The jar lids should have a breathable filter to allow for gas exchange during incubation. This can be done in a number of ways. I like to simply drill a 1/4″ hole through the lid and pull a wad of synthetic pillow stuffing through the hole.
This will effectively stop contaminants but will allow the mycelium to breathe. Another advantage of this method is that jars can be inoculated with a culture syringe by simply injecting directly through the pillow stuffing.
Another option is to drill a few holes in the lid and place a synthetic filter disc between the jar lid and the screw cap.
These discs are available through different sources online and are made to fit wide mouth or regular sized mason jars. I also like to place the lid on the jar upside down, meaning the metal side is against the glass and the rubber seal is facing up.
This makes it easier when trying to open the lid in a sterile environment without having to pry it off with your fingers.
The final step in preparing your jars is to cover the lids with tinfoil. This will prevent water from the pressure cooker from spilling into your grain and changing the moisture content of the jar.
Breathable lid for gas exchange.
Tinfoil covered jars ready for sterilization.
Sterilize for 90 minutes at 15 PSI.
Using a pressure cooker or autoclave, sterilize the grains at 15 PSI for at least 90 minutes.
You need a good quality pressure canner that can reach at least 15 psi and is large enough to fit your grain jars. The standard tool for the job is the All American. I have also used the much cheaper Presto canner for a long time with great results.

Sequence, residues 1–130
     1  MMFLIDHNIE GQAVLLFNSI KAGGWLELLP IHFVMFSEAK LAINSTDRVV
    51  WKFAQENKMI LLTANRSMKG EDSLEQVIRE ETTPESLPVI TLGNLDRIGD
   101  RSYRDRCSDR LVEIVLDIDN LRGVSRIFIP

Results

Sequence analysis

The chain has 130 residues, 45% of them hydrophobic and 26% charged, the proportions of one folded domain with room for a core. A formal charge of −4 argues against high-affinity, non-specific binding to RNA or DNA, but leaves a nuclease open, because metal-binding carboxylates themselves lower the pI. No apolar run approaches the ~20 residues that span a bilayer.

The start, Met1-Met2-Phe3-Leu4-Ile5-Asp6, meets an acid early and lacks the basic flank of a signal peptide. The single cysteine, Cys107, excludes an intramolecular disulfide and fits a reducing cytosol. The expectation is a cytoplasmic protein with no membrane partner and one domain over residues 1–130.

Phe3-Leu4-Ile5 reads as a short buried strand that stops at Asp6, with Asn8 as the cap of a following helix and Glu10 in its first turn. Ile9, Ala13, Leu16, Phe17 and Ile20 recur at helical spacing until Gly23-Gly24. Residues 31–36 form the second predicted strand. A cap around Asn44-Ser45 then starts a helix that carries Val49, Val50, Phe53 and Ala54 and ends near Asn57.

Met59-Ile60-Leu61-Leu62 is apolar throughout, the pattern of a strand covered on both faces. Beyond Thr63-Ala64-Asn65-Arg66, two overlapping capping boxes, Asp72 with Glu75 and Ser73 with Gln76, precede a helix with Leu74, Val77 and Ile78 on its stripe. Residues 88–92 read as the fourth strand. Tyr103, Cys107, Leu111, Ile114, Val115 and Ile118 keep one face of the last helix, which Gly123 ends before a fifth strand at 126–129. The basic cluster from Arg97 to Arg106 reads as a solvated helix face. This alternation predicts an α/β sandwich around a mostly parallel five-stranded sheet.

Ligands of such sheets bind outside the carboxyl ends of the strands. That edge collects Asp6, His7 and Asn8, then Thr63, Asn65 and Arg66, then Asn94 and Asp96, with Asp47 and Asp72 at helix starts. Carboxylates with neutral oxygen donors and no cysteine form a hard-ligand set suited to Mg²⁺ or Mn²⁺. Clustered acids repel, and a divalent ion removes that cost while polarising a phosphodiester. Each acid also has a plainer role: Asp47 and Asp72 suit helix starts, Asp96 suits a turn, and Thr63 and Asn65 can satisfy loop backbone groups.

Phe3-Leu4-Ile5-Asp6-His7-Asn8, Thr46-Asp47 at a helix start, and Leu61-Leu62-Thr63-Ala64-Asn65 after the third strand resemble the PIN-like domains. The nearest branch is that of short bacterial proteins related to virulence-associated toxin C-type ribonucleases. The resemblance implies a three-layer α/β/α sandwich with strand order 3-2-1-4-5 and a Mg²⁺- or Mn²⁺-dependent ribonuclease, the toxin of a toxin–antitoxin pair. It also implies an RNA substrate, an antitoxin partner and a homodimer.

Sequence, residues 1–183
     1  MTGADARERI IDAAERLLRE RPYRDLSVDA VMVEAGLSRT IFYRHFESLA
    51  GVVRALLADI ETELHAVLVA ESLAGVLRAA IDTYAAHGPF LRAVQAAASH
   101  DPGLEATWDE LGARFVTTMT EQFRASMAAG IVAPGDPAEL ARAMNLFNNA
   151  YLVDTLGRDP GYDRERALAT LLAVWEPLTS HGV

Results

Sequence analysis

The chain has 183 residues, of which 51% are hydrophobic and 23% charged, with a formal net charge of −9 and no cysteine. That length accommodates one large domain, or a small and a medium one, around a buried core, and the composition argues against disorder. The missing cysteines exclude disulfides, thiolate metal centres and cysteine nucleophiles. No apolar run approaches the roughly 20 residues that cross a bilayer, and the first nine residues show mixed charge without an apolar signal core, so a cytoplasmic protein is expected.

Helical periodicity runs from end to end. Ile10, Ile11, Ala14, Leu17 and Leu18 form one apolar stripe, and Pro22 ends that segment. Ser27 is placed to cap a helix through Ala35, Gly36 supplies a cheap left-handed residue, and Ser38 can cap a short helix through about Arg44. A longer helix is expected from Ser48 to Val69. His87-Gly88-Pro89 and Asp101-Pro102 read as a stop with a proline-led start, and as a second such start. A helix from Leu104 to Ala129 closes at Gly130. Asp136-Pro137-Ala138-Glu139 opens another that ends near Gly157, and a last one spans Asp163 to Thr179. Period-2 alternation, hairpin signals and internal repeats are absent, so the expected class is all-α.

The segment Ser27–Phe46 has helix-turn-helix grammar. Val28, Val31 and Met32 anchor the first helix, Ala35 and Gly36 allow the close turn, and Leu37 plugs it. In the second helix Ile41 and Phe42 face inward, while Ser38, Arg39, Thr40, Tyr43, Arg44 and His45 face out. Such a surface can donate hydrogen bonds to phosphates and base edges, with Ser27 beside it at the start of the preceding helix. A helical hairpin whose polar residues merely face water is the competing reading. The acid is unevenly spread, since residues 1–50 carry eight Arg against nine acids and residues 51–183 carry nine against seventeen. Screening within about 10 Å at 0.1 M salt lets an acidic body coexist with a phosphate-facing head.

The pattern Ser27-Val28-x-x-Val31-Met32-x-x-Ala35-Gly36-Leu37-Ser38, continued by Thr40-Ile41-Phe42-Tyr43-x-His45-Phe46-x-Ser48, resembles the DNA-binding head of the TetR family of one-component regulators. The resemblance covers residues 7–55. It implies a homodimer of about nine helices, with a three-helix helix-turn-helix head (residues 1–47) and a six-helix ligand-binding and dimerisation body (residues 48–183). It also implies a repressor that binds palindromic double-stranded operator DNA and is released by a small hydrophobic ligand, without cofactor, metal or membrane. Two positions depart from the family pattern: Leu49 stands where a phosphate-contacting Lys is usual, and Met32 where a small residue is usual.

Either of these canners will do the job. Do not start the time until the pressure inside the cooker has reached a full 15 PSI. Once the 90 minutes is up, turn off the stove and walk away. Let it cool for at least a few hours before handling. Once cool, inspect the jars in a reasonably clean environment.
Check to see that there are minimal broken grains and that the grains aren’t globbed together.
You now have perfect grain ready for inoculation with mushroom culture!
Here are some products you might find useful:
Now its time to sterilize
Fill your pressure cooker with at least one gallon of water, secure the lid tightly, and place on your heating element. You will want to bring the pressure up to 15 PSI. Once there put a timer on for 90 minutes.
Once the timer has gone off, remove from the heating element and allow the pressure cooker to cool off. This will take a few hours depending on the surrounding environment.
Remove the jars, taking off the tin foil, and you are good to inoculate with the spores of your choice!